Technological advancements have enabled the emergence of increasingly intelligent and autonomous support of private decision-making. Automated financial investing by robo-advisors is exemplary of this development. For the user to benefit from digital investment management, robo-advisors must reflect user preferences. Important robo-advisor characteristics are their level of automation, the degree of control they allow customers, and their transparency. However, suitable configurations along the characteristics have not yet been determined. Specifically, users value high financial performance while desiring control over investments, partly caused by cognitive bias. In case of algorithmic superiority to human decisions in this context, a performance-control dilemma occurs. In this study, we conduct a choice-based conjoint analysis to derive user preferences of robo-advisor configurations and investigate the potential of transparency to alleviate the performance-control dilemma. Results suggest that users prefer hybrid automation and high levels of control and transparency, supporting the dilemma’s occurrence. Transparency is confirmed to be a potential mitigator of the dilemma only for some attribute levels tested. These findings enhance our understanding of user preferences in highly autonomous decision support in the presence of cognitive bias. We provide implications for theory and practice by identifying the performance-control dilemma and suggesting transparency as a mitigator.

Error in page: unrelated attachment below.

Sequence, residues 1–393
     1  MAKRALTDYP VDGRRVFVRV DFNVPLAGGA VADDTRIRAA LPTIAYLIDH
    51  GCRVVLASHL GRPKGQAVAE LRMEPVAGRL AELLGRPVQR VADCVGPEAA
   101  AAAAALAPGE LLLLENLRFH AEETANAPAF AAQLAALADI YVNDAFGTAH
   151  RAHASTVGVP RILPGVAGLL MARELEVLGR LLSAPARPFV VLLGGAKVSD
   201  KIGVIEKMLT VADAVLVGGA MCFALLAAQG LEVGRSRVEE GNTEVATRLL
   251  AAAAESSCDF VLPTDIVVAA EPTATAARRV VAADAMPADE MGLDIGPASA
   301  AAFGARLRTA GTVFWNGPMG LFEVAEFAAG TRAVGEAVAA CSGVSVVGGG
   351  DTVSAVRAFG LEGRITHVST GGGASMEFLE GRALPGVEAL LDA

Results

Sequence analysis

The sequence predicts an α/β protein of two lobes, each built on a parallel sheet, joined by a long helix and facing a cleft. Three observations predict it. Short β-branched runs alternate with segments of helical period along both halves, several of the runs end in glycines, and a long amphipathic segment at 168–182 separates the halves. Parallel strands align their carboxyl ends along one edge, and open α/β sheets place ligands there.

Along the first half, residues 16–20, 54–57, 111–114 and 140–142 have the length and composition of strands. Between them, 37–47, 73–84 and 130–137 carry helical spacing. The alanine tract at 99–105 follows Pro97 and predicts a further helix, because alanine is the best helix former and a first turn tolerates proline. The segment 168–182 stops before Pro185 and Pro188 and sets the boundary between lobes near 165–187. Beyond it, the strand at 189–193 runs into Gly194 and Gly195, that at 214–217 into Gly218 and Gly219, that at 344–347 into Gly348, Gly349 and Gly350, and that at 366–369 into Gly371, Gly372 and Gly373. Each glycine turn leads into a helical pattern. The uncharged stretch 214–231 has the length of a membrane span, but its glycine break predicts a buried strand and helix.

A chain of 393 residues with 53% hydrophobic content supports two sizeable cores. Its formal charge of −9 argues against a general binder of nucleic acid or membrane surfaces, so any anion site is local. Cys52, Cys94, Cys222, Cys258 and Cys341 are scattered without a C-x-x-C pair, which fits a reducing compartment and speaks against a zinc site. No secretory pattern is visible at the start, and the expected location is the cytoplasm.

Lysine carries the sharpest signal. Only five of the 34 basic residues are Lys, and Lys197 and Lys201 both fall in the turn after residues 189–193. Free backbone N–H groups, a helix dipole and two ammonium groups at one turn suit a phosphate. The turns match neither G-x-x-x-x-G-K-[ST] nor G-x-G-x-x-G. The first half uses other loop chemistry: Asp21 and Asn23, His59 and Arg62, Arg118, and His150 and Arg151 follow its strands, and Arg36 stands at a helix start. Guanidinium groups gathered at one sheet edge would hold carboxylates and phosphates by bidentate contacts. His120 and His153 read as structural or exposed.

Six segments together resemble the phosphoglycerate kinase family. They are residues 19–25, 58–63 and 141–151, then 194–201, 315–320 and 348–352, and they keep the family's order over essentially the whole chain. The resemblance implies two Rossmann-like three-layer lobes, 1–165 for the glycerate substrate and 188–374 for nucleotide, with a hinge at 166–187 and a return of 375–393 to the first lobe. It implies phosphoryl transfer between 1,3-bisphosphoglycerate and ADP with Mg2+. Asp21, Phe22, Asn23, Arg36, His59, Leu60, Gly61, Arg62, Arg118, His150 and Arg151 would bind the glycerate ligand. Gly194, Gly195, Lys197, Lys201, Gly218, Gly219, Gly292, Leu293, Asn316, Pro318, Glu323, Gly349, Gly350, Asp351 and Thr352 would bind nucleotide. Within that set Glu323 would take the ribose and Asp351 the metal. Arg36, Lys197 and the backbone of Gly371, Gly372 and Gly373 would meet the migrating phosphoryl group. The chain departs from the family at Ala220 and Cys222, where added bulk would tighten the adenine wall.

Rühr, Alexander, "Robo-Advisor Configuration: An Investigation of User Preferences and the Performance-Control Dilemma" (2020). Research Papers. 94.
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